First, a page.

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Written by Jenni Burt, University of Cambridge

jenni blog

Increasing multimorbidity and the rising numbers of guidelines focussing on how to treat specific medical conditions have led to widespread polypharmacy (the use of multiple medications in one individual). Of course, in many cases polypharmacy may be entirely clinically appropriate; but not in every case. There is increasing evidence on the association of polypharmacy with a range of undesired outcomes, including reduced quality of life, medication errors, and adverse drug reactions. In research, we have typically defined polypharmacy using simple counts of medication; for example, if someone is taking five or more medications, they may be marked as a person experiencing polypharmacy. However, these approaches do not take account of whether someone taking ten medications is doing so quite rightly, as they work well together; or whether such a regimen is of concern, and causing a whole host of unforeseen problems.

In this programme of research, we are aiming to develop a means of measuring polypharmacy which takes account both of the numbers of medications someone has been prescribed, and of whether these medications are clinically appropriate. We would also like this measure to apply to all patients (not just those with particular diseases, for example), so that general practices are able to readily identify those patients who would benefit from a more in-depth discussion about what is and isn’t working for them. 

As the first step in this programme, we have recently completed an extensive review of the literature to identify existing approaches to defining and measuring appropriate polypharmacy. We then took these ideas to a panel of clinical experts (GPs, pharmacists, geriatricians and pharmacologists) to see which of these they agreed were key elements of a measure of appropriate prescribing, in the context of polypharmacy. This was a two-stage process. First, panel members completed an online survey in which they reviewed 160 possible measures (covering different aspects of prescribing) to tell us which of these they considered to be the most important. After this, they met face-to-face for a full day of discussions, to review and further consider these measures.  At the end of this, the panel identified 134 different statements (many of them overlapping) from the literature, from which to pull together an initial measure of polypharmacy. Through further discussions with the research team and panel, we then whittled this down to the 12 most important areas to assess in measuring polypharmacy. These cover issues such as whether a patient is taking their medication or not (adherence); whether they have had an unexpected reaction (adverse effects); and whether medications may be interacting with each other or with conditions and causing undesirable symptoms or problems (interactions and contraindications). The full list will be presented  for the first time at the Society for Academic Primary Care conference in Warwick.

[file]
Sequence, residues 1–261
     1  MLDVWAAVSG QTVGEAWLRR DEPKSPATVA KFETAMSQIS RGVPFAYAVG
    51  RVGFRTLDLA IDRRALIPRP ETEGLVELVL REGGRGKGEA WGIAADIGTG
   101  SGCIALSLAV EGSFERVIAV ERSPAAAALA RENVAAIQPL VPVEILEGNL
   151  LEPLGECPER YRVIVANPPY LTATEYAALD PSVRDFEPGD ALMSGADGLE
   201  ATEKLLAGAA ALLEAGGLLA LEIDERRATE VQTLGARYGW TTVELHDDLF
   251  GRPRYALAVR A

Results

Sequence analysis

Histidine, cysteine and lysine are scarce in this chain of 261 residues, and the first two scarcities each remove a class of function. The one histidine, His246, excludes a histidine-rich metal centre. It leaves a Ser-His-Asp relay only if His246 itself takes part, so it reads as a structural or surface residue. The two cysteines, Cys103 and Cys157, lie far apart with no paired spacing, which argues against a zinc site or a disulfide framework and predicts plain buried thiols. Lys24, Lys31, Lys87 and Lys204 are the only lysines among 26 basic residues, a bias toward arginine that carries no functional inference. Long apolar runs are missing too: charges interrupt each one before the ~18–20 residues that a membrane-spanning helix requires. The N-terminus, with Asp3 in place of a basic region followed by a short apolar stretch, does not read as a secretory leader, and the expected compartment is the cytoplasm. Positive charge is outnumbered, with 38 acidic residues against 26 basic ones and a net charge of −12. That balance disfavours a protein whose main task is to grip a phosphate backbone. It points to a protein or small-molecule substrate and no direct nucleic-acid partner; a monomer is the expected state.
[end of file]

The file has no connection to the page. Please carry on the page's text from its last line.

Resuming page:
Now we have a clear idea of the important areas of appropriate polypharmacy, we are moving on to look at how we can use this within GP clinical systems. This is a key stage in the project, as we make progress towards our goal of identifying which patients may be experiencing inappropriate polypharmacy.

 (Image: Dr Jon Ferdinand, Primary Care Unit)

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